In response to the business demand for rapid, agile deployment of new systems, Software as a Service (SaaS) burst onto the scene to provide organizations with low-cost, comprehensive capabilities that don’t require someone with a technical background to deploy. These cloud-based applications are accessed online under a SaaS arrangement. So rather than purchasing software to install and then adding additional hardware to support it, you can simply download a solution on-demand for a low monthly fee (or free in some cases) and start using it right away.
For instance, a marketing department wanting to share large digital files can simply download a cloud-based application such as Dropbox or iCloud directly from the Web, charge the corporate credit card (or leverage the free version), and get exactly what they need in a few minutes without waiting for IT to intervene.
When you consider the rapid deployment potential and lower upfront cost of SaaS, it’s no wonder the average organization today is leveraging an upwards of 1,427 cloud services, and the majority of business leaders consider these applications to be mission critical to the business.
The SaaS delivery model is here to stay and it’s rapidly changing the way businesses get work done. However, this so-called "Shadow IT" has led to some unintentional and potentially serious consequences when left unchecked.
Is SaaS Adoption TOO Easy?
In the good old days, files and emails were stored locally on computers. IT knew with certainty where critical data lived. Today, anyone with an Internet connection can download an application without IT ever knowing. The business no longer needs to wait for a corporate-wide solution; they can simply download what they need, when they need it, all the while bypassing traditional IT deployment models.
But is bypassing internal IT resources to acquire new systems, software, and other technology really improving efficiency and driving down costs? That depends on who you ask. From an IT perspective, "Shadow IT" is interfering with their reasonable need to maintain and control the environment, leading to a series of issues that require our urgent attention.
Here is what your IT department wants you to know about cloud-based adoption
- Security: When SaaS applications can be adopted without IT’s knowledge, there is no way to ensure that proprietary information, including business and client data, is being protected. Working within a defined security framework ensures that user access and devices are centrally managed. When end users access SaaS applications outside of the framework, IT loses control which could lead to disastrous consequences like data loss or breach (read about how Microsoft Enterprise Mobility + Security is helping to remedy this issue).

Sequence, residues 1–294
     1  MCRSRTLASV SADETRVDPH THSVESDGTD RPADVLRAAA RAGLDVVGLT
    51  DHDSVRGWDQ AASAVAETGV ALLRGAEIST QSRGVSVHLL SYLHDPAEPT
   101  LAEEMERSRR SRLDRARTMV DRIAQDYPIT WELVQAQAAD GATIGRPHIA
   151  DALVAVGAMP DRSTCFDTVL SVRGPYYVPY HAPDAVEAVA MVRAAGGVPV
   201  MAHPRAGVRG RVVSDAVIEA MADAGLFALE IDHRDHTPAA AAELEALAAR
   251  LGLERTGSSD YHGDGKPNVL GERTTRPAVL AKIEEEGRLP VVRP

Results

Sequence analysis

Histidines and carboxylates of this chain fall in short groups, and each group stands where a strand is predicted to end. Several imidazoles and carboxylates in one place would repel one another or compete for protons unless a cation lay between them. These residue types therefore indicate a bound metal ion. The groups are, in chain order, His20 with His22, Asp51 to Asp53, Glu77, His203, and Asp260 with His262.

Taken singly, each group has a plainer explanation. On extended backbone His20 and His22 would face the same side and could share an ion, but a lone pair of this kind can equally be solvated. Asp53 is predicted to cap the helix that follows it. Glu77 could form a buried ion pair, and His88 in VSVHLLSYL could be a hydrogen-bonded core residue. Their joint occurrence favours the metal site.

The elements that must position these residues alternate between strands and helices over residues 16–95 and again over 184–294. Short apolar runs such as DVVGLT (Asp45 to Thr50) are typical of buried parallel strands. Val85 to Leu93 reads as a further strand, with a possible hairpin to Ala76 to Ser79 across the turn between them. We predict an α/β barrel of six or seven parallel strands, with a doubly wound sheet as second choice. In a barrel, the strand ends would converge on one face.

- Financial Waste: Due to the low cost and ease-of-use nature of SaaS, business units are quickly solving their problems by purchasing their own software. When the business is doing well, leadership is less likely to inquire as to how the problems are being solved, including the specific solutions or applications in use. Do you know how many applications your business is running? If you’re like most businesses, you can’t answer this question, which means you’re most likely paying for and maintaining redundant or unnecessary software that will amount to significant cost and efficiency loss down the line.
- Data Fragmentation: The process of aggregating and managing data to deliver insights about the business is already complicated. Add the proliferation of disparate applications, hybrid environments, and end-user demands for self-service brought on by SaaS, and the problem becomes even harder to solve. Without the ability to centralize and view business data, IT lacks effective oversight and the businesses fails to gain valuable insights to drive results.
The ability for IT to effectively manage and support its evolving environment is becoming increasingly challenging. Effectively managing the changing IT landscape warrants a significant cultural change that not only impacts the role of IT, but also requires a behavioral change from the company. Defining the core applications required to drive productivity and efficiency, gaining buy-in from the business and users, and educating the organization on the importance of security and access control will help ensure a smooth and effective transition to a cloud-first model.
Are your employees aware of the potential risks associated shadow IT? Are you in control of managing and operating such an environment? To keep pace in today’s ever-changing environment, businesses require a variety of flexible technologies, delivery methods, skills, and organizational restructuring. If you’re looking for a strategic partner who can aid in navigating these technical shifts, contact BDO Digital to learn more about our managed services offerings.